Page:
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Learning HIV while playing ball

© UNICEF Indonesia/2011/Estey
Yohanna Waisimon, practices volleyball three times a week with her team while learning about HIV/AIDS.


MANOKWARI, 16 November 2011 - For the last few months, 13 year old Yohanna Waisimon,  has had a routine when school is over: playing volleyball with the new Cendrawasih Junior Team. With 12 other girls her age, she practices three times a week, and has even started to participate in competitions.

Her mother, Frederika Nerotow, is pleased with her new activity. "I like to keep her busy because she's at that vulnerable age," she admits.

Since joining the new team, Yohanna has not only learned how to serve, set and spike, but also expanded her knowledge of HIV and AIDS. Coach Bernard Wassangai sets time before practice to talk about contagious diseases.

"Coach tells us not to have sex and to go to bed by 9 p.m.," said Yohanna.

"I feel responsible for them, because without a good influence, the youth here tend to go for alcohol, drugs and sex," Coach Bernard said.

A civil servant who also coaches adult volleyball teams, Bernard recently received UNICEF-supported training on teaching HIV and AIDS , in a partnership with the provincial office of the Youth and Sports Department.

"This programme is implemented because of the enthusiasm for sports among Papuan youth and teenagers," said Yance Tamaela, HIV and AIDS officer for UNICEF in Manokwari.


"It's more achievable to integrate information on HIV and AIDS in activities they are interested in, rather than taking them to formal meetings," he added. 


Sports are an important part of Papuans' lives, said Musa Kamudi, head of the provincial office of the Youth and Sports Ministry in West Papua.

"Through sports they can stay healthy and will less likely be drawn to negative activities, especially those that cause HIV and AIDS."

There are 45 sports clubs in Manokwari alone, and his office provides what it can to support the establishments of after-school sports such as the Cendrawasih Volleyball team, he said.

The training programme is delivered by the Asian Soccer Academy (ASA) Foundation, an organization that provides specialized education through sports development activities across Asia.

"ASA was involved because of its experience in developing trainings and tool kits for sports teachers and coaches," said Yance Tamaela

The issue of HIV and AIDS, for example, can be incorporated in exercise drills, such as sprinting to evade balls, which is used as a symbol for HIV. Drills like this not only help physically develop the children, they also help get the message across about the risk of HIV, and how to avoid contracting it, said Tamaela.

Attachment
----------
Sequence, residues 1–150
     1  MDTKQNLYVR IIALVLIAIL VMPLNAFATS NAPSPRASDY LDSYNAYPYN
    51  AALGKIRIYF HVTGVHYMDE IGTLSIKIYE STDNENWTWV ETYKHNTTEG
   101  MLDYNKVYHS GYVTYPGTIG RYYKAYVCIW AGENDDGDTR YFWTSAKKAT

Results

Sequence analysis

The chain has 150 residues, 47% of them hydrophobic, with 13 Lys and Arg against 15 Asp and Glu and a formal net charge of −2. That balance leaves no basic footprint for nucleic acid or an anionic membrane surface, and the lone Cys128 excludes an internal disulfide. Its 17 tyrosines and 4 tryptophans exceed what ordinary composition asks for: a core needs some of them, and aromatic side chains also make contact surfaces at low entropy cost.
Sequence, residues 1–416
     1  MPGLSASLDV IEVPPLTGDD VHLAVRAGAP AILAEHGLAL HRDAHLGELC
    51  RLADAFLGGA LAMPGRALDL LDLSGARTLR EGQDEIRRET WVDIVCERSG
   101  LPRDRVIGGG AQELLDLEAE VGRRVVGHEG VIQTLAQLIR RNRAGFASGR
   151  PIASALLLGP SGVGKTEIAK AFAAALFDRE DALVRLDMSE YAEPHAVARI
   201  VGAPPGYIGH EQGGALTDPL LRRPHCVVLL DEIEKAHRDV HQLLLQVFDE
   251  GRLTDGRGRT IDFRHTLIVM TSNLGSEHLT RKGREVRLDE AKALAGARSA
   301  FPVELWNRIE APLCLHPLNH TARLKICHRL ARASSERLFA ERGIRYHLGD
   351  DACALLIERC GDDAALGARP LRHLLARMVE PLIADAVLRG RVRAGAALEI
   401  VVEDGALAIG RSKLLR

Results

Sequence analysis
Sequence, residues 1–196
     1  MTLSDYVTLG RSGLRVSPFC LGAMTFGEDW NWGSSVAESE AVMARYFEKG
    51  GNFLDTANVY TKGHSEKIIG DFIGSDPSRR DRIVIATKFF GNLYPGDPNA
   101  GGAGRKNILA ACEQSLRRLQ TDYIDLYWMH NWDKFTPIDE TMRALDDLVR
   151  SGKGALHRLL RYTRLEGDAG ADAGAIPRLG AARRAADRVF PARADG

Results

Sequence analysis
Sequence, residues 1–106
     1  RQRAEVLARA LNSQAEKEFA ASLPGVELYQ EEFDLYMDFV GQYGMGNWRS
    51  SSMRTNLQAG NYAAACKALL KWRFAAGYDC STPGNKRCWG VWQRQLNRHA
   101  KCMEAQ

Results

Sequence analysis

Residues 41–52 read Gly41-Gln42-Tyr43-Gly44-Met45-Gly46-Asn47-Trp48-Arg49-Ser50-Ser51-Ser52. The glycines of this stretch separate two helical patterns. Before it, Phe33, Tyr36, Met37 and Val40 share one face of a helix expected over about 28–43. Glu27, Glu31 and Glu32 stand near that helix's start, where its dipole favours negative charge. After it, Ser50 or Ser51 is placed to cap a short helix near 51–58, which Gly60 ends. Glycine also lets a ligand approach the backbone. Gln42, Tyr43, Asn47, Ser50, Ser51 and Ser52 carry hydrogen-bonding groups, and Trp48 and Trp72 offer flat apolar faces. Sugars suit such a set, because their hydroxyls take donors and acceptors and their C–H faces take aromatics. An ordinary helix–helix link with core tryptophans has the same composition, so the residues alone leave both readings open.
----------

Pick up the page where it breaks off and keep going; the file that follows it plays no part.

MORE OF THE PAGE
Retired professional soccer player Micha Abidondifu has been coaching soccer to 15 to 19-year old boys in Manokwari since 2007. Last year he received the same training to integrate HIV and AIDS in his coaching, leading him to open a soccer school for boys and girls aged 6 to 15 in August this year.

For Rp 10,000 (little more than US$1) in registration fees and the same amount in monthly fees, children learn to play soccer properly three times a week in the afternoon at his Rendani Soccer School.

Micha believes educating children about HIV in soccer fields is an effective way to get the message across.

 "Papuans and soccer are inseparable. In the field they are free to express themselves: They can run and scream; they can be themselves," he said.

He talks about HIV and AIDS before the practice or while cooling down, often using humour to defuse awkwardness. His soccer students have not only learned about the transmission of HIV, they are also taught not to discriminate against people living with the disease.

 "Coach told us we can still play soccer with people infected with HIV," says Calvin Magrib, 18, who has been playing in Rendani Soccer club for a year. "In fact we should support them so they have a more positive outlook in life."

For these coaches, however, the challenge is to deliver a message that is age-appropriate, especially to younger children.

"I can't just talk about condoms to them," said Micha. "These are sensitive issues, so I have to really think about what I want to say."

For Bernard, who is a father of two boys, the challenge is even greater as he has to speak to teenage girls about issues that many find uncomfortable. 

"I find it hard to convey the message to these teenage girls. It might help if I can give them some brochures for things that I find hard to explain verbally."

© UNICEF Indonesia/2011/Estey
A civil servant who also coaches adult volleyball teams, coach Bernard recently received UNICEF-supported training on teaching HIV and AIDS.



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